Trump’s fiasco might save his performance and prevent an economic downturn

Trump's certainties: oil & taxesTrump at the oval office

Trump’s attempt to get rid of the Obamacare health scheme has turned into a complete fiasco, as stern warnings from the White House have failed to impress die-hard Republicans. A similar fate might await his plans to revamp public expenditure. Trump’s own party mates share his will to reduce corporation tax, but have expressed deep concern about incurring huge deficits. As a result, much of the presidential agenda might end up in the dustbin.

Such an outcome would be good news for Wall Street, which has been fairly spooked up to now by plans which openly interfere with enterprise freedom and the rule of law. It’s also good news for the Federal Reserve, faced with the unpalatable scenario of fast increasing inflation perspectives. As these become progressively subdued, it will have ample room to hike rates without the pressing need for cooling a warmed-up economy. The Fed will recover much of its autonomy for implementing a progressive stiffening of credit conditions, without having to fear any unwarranted development. It can even disregard short-term price outbursts. In its last meeting, it made it clear that any overrun of its medium term inflation objective would not prompt immediate action on its part. Furthermore, the expected hikes would only drive rates to a rather modest target at end-2018, compared with the market’s more sanguine bets.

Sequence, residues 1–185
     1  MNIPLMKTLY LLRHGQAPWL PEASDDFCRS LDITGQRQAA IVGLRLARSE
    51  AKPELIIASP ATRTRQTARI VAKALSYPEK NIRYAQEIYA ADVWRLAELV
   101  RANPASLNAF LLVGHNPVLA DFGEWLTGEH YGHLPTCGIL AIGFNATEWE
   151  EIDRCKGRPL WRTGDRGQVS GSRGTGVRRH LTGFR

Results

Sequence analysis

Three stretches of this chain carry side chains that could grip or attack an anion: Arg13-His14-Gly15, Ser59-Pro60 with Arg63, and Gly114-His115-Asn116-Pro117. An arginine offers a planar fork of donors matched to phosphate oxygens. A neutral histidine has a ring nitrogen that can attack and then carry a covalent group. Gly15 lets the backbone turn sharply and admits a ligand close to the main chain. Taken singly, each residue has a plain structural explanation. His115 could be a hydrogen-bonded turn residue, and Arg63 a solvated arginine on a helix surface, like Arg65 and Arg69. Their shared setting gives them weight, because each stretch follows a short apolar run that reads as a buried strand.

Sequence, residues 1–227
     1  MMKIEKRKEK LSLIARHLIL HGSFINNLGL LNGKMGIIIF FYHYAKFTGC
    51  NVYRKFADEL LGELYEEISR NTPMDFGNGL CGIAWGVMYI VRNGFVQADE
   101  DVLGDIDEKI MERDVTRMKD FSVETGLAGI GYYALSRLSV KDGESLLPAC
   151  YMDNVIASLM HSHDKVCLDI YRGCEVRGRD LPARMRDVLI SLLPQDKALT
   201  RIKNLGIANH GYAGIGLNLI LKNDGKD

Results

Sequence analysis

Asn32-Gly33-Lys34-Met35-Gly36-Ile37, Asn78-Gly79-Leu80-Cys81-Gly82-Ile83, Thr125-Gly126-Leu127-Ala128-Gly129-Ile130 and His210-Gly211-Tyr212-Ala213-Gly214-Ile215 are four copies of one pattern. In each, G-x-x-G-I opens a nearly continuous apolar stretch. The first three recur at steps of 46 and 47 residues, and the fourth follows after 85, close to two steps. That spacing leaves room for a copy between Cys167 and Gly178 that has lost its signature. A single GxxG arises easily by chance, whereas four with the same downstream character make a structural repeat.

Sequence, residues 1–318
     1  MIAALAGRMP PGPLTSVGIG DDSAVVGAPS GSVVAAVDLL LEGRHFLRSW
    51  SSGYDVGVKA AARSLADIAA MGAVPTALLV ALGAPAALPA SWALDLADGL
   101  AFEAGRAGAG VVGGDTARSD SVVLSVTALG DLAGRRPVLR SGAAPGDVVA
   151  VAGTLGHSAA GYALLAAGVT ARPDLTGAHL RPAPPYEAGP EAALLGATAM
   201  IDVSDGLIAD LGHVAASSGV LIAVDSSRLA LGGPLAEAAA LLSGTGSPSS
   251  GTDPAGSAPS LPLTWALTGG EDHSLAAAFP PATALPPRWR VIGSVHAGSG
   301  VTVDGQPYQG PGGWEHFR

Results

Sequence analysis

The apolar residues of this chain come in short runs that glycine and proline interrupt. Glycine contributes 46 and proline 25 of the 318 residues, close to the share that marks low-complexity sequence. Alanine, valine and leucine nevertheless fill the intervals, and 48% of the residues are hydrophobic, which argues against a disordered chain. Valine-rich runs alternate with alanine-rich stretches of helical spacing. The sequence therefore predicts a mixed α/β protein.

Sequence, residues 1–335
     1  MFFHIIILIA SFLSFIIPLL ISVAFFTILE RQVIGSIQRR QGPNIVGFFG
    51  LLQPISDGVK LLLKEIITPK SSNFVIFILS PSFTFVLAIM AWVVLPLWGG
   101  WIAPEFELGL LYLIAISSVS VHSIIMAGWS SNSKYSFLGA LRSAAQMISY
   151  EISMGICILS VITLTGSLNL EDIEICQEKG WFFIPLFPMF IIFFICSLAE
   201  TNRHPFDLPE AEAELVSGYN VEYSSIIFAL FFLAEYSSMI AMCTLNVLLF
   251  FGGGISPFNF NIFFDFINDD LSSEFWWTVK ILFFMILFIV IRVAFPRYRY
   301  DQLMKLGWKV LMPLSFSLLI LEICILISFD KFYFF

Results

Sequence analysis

Right now, real rates are falling in spite of all the rises implemented by the Fed. Neither does the interest curve show a marked steepening as re-purchases of maturing bonds weigh on long-term remuneration. As long as the Fed keeps a ballooning balance sheet, which has skyrocketed to 4.5 trillion dollars, no fundamental change will trim the current softening conditions. Monetary normalisation will have to wait for better times, and the greenback will fail to shoot up, thus providing extra room for a steady recovery.

Mr Trump’s failure to convince the Congress to rubber stamp his agenda will ultimately save his economic performance. Unless he unleashes a world trade war in the coming months, the dampening plans might prove to be a valuable asset in preventing a downturn. Let’s cross our fingers and pray for more fiascos to come.





About the Author

JP Marin Arrese
Juan Pedro Marín Arrese is a Madrid-based economic analyst and observer. He regularly publishes articles in the Spanish leading financial newspaper 'Expansión'.